I am not a religious person, but I must admit some phenomena can’t be explained in a rational way. Like the inconceivable vastness of space. Ghosts sightings. The Brexit. Or United Independent Entertainment’s decision to release Woodcutter Simulator 2011 on Steam in the year of our Lord 2019.
I discovered it by chance, a tweet by our dearly departed John Walker casually appearing on my timeline. And I realized that, as the former reviewer of Pure Farming 2018, it was my duty to play it. Destiny called. And now here I am, booting up the game, and readying myself to play… Holzfäller Simulator 2011?
The game spontaneously decided to set its language to German. Fine. The Universe is probably trying to tell me something. Or perhaps it’s just mocking me for having neglected my German studies in middle school.
Armed with a translator on my phone, I start the tutorial mission. Bringe den Traktor in die richtige Position, the game tells me. I got this. My vehicle can be moved with WASD, the mouse controls the camera, and the trees I must cut are marked with a big red X. I take control of my Traktor and whroom to the nearest tree. Slowly. This game is so slow. I’d call it ‘contemplative’, but in truth there isn’t much to contemplate apart from trees. There’s not an animal in sight, no NPCs, no atmospheric effects. The dull music resembles that of a dentist’s waiting room.
As I approach the tree, a green radar map appears in a corner of my screen. A part of me wonders if trees can fly. After playing How To Be A Tree, I am wary of trees. But this particular plant, for now, remains perfectly still. Waiting. I quickly learn that Leertaste means ‘space bar’ in German, and so I hit the key to pull out my saw. But something isn’t right.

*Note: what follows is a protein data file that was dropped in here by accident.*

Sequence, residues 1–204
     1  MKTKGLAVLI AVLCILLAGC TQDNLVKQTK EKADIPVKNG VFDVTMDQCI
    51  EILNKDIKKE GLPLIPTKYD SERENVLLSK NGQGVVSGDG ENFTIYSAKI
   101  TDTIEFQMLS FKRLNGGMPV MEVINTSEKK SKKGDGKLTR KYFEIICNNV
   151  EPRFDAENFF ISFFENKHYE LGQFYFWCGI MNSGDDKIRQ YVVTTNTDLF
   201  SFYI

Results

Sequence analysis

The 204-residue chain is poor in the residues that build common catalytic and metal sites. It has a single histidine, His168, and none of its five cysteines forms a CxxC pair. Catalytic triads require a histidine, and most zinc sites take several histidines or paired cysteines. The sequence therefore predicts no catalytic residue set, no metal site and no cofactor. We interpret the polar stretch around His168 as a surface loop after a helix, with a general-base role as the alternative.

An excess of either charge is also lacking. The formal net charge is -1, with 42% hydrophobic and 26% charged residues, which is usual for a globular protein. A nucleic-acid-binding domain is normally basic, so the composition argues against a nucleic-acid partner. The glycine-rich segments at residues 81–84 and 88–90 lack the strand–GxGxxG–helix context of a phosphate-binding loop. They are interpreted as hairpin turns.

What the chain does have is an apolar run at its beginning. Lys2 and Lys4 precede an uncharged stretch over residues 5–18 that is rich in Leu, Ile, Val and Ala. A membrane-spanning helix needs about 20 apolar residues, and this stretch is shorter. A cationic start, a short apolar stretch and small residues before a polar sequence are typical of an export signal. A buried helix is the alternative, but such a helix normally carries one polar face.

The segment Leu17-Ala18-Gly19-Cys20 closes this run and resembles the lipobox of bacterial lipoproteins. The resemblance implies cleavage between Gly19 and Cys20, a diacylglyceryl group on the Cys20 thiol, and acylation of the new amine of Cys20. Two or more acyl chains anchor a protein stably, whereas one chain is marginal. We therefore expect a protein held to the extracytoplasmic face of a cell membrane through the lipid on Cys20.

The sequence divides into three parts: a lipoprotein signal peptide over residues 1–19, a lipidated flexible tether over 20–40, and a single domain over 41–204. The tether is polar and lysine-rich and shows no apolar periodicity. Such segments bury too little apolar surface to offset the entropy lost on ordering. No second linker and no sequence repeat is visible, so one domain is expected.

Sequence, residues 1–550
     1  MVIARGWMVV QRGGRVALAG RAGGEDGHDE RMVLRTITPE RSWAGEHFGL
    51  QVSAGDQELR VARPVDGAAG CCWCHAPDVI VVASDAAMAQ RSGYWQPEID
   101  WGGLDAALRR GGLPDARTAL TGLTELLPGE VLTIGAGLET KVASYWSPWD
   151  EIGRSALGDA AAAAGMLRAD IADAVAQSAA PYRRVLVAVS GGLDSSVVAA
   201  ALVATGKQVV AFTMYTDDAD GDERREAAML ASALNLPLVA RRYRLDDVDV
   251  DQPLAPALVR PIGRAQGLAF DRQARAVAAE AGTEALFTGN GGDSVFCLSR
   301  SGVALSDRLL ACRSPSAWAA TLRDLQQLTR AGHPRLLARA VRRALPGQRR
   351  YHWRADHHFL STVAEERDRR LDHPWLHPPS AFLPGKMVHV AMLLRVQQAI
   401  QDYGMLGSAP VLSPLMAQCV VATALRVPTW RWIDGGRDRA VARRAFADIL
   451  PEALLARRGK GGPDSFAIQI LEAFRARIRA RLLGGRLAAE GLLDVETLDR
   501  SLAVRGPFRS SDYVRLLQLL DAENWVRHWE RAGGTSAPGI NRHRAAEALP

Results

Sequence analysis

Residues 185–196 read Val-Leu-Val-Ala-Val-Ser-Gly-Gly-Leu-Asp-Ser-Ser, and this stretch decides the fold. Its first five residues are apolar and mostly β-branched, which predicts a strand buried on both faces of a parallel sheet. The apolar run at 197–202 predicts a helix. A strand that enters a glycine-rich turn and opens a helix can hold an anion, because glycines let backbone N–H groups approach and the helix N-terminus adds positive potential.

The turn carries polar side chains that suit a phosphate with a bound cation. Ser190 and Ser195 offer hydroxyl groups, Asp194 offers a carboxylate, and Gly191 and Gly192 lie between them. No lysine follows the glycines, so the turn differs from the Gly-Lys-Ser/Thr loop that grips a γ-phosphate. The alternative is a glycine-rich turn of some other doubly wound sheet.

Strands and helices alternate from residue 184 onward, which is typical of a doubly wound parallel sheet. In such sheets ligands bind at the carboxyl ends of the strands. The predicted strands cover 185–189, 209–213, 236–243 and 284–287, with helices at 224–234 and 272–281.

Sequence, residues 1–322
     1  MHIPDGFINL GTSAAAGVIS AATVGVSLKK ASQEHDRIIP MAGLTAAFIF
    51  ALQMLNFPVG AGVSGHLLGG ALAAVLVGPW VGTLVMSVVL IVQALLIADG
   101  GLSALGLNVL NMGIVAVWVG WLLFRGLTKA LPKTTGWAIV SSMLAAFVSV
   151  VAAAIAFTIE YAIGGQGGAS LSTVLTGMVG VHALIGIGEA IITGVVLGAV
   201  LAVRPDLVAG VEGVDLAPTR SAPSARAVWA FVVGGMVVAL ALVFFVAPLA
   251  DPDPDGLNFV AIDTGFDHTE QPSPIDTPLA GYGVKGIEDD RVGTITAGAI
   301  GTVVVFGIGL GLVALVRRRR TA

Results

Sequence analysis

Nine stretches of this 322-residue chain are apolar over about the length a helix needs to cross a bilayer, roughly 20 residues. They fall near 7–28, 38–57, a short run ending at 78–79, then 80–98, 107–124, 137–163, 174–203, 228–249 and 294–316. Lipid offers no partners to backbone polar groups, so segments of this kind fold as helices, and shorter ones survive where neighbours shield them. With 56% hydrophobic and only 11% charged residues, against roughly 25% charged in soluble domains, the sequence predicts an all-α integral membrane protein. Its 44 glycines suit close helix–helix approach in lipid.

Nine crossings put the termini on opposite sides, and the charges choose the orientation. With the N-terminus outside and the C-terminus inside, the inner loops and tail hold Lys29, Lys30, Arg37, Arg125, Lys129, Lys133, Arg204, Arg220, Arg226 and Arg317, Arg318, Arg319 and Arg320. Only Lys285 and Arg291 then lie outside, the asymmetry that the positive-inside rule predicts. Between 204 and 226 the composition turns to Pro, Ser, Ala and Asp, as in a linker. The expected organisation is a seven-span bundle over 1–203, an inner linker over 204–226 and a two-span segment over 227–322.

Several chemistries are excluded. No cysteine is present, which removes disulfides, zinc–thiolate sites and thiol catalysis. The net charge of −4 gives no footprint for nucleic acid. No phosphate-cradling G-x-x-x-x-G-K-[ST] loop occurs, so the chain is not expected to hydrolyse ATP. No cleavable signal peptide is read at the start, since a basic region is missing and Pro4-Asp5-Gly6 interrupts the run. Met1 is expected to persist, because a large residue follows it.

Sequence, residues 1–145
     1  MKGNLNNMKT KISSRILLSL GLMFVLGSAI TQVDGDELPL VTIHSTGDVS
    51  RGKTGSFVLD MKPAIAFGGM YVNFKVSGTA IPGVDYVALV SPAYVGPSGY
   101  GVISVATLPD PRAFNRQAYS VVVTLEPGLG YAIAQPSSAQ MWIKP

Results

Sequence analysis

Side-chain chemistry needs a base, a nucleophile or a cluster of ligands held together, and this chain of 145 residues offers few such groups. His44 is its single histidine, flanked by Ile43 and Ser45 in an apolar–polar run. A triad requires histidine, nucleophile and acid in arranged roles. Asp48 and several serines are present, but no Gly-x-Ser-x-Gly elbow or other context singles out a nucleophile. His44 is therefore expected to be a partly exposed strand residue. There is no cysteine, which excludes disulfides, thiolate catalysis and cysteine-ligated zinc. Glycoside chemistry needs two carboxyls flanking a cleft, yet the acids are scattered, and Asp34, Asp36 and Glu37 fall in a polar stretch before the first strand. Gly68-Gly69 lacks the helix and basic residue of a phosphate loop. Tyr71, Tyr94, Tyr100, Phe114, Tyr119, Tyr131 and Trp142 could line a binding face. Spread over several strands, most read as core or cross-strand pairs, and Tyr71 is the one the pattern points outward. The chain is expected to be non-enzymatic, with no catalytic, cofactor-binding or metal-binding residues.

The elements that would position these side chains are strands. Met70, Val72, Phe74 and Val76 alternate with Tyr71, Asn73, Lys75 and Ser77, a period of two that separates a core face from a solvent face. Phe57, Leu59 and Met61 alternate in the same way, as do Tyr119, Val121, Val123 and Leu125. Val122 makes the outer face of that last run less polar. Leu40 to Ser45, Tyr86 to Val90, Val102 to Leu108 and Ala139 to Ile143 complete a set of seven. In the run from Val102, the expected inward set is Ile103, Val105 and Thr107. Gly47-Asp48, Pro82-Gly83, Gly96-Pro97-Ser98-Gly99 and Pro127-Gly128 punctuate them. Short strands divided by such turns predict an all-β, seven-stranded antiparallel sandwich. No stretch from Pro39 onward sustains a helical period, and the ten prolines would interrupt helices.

Du befindest Dich nicht in der richtigen Position. I am not in the right position to cut the tree, I guess. I circle the plant, trying to align my vehicle to the tree like in the tutorial picture. But the Traktor in the picture already has its saw extracted, while I can’t pull out mine before getting in the right position. To complicate things, my cutter also seems to dislike changing gears. Every time I attempt it, my machine stalls, grumbles and then randomly jolts backwards, crashing against the nearest obstacle. The radar’s movements also seem unrelated to my position, the dot remaining fixed on the radar’s border even when I am literally slamming my metallic bum against a trunk. I now finally realise why my driving friends always moan about parking. I also realise I should never be allowed to drive.
I head to the next tree and repeat the same dance, circling it like a predator. A very goofy predator that keeps headbutting its prey. The radar keeps staring at me like a malevolent eye. I think the radar and the tree are accomplices. Perhaps learning German isn’t my true destiny. I switch to English and repeat the tutorial, hoping to get some clarity.
“Use the radar, the dot and the inner circle to manoeuvre the Cutter into the cutting position.” No shit, tutorial. But HOW? Why does the radar not move? Why is piloting this thing such a pain? Why, when I get stuck in a fence and press the button to reload the level, do the “are you sure” options appear as “yes” and “I’ll reconsider”, as if thinking very hard will allow my Traktor to magically get unstuck? If this is a spiritual challenge, I am failing it. My inner circle is broken. I don’t trust trees anymore.